Sensory deprivation tanks today are featured on popular media and are being used more frequently by average people looking to relieve stress, pain, and other chronic ailments. How did floatation therapy come into being? How does it work?
The first sensory deprivation tank was created by neuroscientist John C. Lilly. He was curious about what the effects the elimination of external stimulus would have on the mind. An LSD enthusiastic who believed in creatures from other dimensions, he had some particular expectations on the effects the tank would yield. This first tank had 160 gallons of water, and participants were submerged completely from the neck down. They wore a “blackout” mask to eliminate any light pollution. The temperature of the air and the water were tightly controlled to be the same as average skin at 34 degrees Celsius.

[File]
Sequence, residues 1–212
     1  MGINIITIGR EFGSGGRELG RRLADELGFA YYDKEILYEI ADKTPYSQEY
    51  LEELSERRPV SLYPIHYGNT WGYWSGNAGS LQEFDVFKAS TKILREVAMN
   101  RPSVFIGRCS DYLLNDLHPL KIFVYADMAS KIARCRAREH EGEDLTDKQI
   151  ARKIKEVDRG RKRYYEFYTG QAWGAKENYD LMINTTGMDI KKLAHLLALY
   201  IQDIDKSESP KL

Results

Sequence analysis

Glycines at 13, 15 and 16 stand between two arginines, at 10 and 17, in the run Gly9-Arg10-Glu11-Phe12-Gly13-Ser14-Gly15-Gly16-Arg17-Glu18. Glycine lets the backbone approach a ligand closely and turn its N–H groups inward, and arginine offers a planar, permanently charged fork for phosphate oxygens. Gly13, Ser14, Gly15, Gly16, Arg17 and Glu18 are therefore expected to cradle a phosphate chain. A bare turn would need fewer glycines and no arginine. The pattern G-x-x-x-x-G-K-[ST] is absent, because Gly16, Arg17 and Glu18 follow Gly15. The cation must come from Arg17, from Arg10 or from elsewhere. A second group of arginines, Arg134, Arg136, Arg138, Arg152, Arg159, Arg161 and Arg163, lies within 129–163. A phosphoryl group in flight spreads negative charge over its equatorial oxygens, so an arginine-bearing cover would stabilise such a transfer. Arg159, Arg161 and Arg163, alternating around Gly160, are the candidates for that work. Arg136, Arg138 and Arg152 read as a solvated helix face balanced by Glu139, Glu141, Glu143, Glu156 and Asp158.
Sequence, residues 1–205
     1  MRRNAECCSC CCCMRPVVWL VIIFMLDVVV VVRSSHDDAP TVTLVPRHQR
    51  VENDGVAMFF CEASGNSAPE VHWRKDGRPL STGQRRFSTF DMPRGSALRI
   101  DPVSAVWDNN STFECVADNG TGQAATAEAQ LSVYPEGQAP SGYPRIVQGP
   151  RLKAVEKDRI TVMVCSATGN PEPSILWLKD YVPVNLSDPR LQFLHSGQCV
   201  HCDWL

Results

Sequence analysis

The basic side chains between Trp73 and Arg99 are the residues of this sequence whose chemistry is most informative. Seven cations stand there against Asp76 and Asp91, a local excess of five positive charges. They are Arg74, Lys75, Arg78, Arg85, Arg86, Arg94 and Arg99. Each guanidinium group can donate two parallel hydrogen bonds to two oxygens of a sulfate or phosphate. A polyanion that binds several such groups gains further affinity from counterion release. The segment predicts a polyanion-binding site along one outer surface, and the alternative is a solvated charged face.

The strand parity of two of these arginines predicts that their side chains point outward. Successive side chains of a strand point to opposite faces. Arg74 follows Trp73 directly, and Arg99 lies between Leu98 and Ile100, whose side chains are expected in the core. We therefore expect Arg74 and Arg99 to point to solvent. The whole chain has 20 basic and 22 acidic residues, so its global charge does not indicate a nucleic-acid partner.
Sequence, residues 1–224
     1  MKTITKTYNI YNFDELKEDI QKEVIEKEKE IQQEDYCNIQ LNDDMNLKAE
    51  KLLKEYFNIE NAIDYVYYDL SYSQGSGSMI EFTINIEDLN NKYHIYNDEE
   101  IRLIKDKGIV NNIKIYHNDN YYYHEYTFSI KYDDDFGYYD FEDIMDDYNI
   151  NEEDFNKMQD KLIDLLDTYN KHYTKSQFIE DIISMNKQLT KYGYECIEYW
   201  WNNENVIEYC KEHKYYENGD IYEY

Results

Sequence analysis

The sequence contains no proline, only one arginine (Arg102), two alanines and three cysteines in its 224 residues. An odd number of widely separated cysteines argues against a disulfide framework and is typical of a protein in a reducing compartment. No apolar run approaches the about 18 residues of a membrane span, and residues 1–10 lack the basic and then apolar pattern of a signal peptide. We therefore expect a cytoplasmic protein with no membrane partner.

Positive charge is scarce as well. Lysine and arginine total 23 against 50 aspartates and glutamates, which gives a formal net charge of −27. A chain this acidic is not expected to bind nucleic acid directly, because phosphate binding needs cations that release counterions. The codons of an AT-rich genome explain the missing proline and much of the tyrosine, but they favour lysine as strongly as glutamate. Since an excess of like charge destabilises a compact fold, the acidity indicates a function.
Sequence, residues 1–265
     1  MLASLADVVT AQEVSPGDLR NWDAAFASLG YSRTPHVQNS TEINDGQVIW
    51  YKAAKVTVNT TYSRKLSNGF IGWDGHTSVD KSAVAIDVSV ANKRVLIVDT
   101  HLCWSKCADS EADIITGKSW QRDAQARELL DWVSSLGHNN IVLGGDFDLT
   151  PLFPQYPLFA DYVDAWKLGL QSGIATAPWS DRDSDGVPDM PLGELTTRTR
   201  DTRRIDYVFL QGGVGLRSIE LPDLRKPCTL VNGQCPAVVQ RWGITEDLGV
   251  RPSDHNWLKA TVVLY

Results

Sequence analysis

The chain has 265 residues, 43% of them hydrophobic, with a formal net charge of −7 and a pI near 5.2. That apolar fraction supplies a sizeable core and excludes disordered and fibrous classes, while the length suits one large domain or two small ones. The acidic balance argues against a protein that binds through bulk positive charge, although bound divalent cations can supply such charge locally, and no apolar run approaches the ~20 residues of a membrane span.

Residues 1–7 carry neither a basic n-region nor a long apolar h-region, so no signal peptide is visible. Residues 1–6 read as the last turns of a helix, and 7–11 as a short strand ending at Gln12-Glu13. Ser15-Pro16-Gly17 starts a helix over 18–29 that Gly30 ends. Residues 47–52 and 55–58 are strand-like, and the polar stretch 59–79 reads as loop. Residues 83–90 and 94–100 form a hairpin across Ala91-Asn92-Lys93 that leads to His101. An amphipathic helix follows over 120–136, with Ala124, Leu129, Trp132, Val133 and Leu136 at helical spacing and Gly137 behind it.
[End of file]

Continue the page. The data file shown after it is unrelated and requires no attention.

The tanks eventually morphed to become more like what they are today. The masks were done away with, and rather than facilitating complete submersion, newer tanks contained a high concentration of dissolved Epsom salts, allowing participants to float easily.